But is anyone liking and subscribing? Is anyone still there? Are we really watching her or are we her night terrors? Is it even ok to laugh at her? Or with her? Let alone at her doll called Traditional Girl.
Carly Sheppard has developed and adapted the character Chase over the last 10 years. While formally describing her as “a macro metaphor of our colonial shame”, Chase reflects every confusing, misguided and downright wrong element of our culture and society.
In trackie pants, an oversized camouflage t-shirt and long mattered hair, she’s a cheery influencer on the wrong channel. Without a social filter, she’s likely to offend everyone at some stage as she strips away politeness and correctness and dares us to laugh at feelings and thoughts that we might not think are funny.
Chase, the show, is an astonishing collaboration between Sheppard, director Kamarra Bell-Wykes, and the design team of Smallsound (set, sound, composition), Rickie Brownlee (sound and composition), Katie Sfetkidis (lighting) and Devika Bilimoria (videography).
As Chase’s dreams are projected onto the bunker walls, design and performer are inseparable when she’s confronted by fears and traumas, which are as much from her behaviour as from the apocalypse she thinks she’s living in.
The vivid and visceral design questions if anything in this world is real or if we’re floating in her subconscious or watching with her ancestors.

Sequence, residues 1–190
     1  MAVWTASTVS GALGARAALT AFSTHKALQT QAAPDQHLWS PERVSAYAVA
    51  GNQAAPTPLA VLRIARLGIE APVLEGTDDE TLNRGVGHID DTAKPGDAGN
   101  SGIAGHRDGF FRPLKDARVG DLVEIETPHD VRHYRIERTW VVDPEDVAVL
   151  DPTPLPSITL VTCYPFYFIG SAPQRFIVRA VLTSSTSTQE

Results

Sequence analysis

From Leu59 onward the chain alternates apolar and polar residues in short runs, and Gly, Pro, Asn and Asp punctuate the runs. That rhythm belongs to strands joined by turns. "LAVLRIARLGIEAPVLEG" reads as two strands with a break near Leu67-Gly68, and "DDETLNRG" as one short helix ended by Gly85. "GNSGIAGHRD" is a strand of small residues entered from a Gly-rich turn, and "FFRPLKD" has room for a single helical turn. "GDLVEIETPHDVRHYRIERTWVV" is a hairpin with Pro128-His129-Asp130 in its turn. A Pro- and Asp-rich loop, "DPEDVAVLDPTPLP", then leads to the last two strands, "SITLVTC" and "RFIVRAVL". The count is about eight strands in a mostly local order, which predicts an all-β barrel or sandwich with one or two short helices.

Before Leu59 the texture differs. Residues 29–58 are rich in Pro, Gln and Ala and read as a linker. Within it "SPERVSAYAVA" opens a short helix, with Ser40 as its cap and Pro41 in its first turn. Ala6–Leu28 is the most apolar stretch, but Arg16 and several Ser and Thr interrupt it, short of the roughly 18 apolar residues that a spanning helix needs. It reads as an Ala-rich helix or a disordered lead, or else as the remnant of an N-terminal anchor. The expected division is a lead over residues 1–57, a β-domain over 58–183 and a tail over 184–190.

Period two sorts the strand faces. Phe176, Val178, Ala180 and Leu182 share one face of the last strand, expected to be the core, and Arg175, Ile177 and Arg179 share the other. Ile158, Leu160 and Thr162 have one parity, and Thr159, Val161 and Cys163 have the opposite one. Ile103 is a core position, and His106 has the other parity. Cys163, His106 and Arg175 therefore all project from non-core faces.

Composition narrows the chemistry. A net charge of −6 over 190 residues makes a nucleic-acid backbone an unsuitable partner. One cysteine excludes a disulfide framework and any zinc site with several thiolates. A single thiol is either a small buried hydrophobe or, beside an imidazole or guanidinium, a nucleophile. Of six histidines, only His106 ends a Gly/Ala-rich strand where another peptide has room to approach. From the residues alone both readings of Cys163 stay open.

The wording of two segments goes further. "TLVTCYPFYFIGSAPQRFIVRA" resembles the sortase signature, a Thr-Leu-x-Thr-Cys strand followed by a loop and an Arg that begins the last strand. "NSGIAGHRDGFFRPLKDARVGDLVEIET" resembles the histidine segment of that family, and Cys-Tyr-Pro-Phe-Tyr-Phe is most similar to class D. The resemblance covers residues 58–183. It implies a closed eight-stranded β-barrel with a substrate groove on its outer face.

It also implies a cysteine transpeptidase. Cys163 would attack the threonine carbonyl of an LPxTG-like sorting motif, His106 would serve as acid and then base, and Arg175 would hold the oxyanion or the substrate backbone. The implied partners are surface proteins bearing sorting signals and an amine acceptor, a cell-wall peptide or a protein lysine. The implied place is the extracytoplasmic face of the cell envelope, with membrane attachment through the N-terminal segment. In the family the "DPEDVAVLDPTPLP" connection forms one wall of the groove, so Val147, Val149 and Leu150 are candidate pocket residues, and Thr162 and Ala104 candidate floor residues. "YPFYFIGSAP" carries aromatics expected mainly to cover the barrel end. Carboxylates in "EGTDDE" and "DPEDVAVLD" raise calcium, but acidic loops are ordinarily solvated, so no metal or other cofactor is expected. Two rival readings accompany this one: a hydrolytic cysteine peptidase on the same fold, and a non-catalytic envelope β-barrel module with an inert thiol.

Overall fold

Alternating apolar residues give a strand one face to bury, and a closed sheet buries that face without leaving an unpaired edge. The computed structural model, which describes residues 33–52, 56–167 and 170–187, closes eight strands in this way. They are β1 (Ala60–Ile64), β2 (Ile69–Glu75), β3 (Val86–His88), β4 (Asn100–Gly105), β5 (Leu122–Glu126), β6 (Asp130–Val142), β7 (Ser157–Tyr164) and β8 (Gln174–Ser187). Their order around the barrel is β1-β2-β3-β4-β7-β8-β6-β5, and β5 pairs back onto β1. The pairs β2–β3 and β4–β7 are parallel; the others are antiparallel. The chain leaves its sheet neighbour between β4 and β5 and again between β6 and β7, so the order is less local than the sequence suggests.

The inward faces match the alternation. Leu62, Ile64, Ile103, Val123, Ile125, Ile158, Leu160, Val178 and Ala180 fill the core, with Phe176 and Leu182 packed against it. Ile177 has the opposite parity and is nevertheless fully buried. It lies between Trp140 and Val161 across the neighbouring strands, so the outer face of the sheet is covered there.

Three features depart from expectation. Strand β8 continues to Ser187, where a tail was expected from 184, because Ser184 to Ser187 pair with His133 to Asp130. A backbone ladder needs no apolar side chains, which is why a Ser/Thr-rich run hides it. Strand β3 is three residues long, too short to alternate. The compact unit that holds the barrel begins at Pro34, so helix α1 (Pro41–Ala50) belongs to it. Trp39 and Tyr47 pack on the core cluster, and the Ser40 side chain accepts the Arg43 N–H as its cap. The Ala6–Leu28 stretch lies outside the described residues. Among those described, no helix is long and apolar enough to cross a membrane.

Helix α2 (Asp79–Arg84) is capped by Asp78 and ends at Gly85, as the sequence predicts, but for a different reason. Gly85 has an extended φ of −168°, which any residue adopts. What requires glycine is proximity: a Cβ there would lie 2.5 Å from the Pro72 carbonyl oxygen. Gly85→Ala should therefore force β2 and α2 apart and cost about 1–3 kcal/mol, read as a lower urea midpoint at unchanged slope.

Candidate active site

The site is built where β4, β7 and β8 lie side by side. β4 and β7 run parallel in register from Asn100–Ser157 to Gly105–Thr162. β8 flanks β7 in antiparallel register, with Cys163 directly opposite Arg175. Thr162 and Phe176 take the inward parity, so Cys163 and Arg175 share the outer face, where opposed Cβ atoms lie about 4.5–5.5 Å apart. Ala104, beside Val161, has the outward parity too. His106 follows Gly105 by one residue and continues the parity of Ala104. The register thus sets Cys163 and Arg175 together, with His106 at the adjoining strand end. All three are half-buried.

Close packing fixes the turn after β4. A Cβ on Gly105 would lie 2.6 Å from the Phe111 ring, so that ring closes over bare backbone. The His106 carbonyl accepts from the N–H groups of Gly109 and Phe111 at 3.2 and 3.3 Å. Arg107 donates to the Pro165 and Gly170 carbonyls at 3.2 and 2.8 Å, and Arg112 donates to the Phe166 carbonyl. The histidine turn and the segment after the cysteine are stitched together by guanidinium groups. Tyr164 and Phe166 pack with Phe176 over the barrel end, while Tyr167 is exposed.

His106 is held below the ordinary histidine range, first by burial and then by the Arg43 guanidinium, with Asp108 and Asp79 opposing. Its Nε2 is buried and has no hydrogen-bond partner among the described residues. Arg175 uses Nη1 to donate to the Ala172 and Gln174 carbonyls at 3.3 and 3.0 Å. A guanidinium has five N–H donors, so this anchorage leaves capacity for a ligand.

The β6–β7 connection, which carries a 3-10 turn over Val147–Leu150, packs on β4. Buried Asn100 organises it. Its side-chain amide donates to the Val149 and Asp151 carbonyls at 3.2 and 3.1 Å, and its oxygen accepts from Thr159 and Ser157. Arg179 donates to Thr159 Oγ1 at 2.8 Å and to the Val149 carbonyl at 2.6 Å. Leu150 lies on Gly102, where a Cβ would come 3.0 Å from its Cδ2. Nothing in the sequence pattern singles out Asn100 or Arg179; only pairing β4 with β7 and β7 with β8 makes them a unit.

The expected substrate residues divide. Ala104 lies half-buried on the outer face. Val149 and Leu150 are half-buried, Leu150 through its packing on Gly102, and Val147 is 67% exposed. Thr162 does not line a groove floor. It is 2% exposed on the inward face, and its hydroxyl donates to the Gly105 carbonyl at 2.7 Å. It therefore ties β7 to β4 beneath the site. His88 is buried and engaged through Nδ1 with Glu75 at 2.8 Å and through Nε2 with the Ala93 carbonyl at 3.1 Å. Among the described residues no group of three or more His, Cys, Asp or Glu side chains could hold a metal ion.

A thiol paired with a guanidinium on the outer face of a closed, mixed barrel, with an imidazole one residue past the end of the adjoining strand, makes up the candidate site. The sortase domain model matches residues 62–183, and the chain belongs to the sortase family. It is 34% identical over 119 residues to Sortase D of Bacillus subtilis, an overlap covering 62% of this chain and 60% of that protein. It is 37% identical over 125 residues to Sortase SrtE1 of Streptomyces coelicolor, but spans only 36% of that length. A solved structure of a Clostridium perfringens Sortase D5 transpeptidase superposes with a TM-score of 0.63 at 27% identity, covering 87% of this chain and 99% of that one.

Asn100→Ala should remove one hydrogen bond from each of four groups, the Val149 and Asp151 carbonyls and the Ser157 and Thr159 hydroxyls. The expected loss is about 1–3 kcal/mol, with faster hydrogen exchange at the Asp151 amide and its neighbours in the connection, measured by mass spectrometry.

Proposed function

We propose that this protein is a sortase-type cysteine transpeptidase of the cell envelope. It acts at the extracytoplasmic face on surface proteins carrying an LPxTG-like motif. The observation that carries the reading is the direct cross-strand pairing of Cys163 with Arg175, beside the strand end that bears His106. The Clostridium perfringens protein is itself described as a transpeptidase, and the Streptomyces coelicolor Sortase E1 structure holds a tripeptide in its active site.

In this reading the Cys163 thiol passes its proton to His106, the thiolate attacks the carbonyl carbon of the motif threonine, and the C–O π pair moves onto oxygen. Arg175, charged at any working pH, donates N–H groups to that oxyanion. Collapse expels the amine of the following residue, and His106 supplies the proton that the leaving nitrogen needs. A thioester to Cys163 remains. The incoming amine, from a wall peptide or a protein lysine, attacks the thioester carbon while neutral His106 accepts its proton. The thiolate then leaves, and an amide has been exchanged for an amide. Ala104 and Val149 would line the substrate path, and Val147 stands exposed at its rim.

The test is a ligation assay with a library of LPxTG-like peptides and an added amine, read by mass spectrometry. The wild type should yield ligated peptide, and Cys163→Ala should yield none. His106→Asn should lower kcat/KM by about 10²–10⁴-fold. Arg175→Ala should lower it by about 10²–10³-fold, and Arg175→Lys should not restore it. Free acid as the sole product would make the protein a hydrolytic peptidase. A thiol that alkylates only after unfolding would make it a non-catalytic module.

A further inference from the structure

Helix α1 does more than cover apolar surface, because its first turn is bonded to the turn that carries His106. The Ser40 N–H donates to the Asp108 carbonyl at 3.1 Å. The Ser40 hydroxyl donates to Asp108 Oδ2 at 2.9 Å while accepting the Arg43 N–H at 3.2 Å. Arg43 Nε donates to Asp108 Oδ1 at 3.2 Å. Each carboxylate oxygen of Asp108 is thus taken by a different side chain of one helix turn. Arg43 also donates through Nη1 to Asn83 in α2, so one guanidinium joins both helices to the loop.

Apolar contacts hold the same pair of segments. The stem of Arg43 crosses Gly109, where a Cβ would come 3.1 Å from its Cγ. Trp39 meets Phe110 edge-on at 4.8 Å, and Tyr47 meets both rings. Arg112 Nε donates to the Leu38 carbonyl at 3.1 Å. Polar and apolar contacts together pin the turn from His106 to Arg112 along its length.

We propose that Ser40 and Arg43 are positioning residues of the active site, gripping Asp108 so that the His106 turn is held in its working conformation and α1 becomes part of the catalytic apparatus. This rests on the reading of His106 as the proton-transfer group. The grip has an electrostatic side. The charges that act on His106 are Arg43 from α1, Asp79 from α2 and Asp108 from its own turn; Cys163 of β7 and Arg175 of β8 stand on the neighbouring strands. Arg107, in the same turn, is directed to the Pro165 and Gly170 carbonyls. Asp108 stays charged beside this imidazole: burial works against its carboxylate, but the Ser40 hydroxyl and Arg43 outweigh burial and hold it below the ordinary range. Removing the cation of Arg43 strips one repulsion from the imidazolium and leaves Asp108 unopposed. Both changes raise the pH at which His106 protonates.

It could be now, the recent past or an unknown future. But Chase believes that the outside is uninhabitable and that she is alone, until her old pay phone rings and she starts preparing for a party.
Her bunker world shatters and rebuilds as spirituality and religion want a place in the Dreaming and the party. Her shrine with Jesus, The Rock and the Easter Bunny is as relevant as Satan appearing in a Coles’ shopping trolley. Or should we be asking why there’s a human skull wearing rabbit ears?
Chase is as hilariously challenging as it is traumatic and confronting. Leaving was like waking up from a dream in a sweaty fuddle that’s part relief and part hope that you’ll fall asleep again and it will still be there.
It confronts parts of your psyche that you want to ignore and makes complete sense when you’re in it but is almost impossible to explain to anyone afterwards.
The Tower – Malthouse Theatre, Sturt Street, Southbank
Performance: Thursday 17 March 2022
Season continues to 20 March 2022
Information and Bookings: www.malthousetheatre.com.au
Image: Carly Sheppard in Chase – photo by Shortcut Creative
Review: Anne-Marie Peard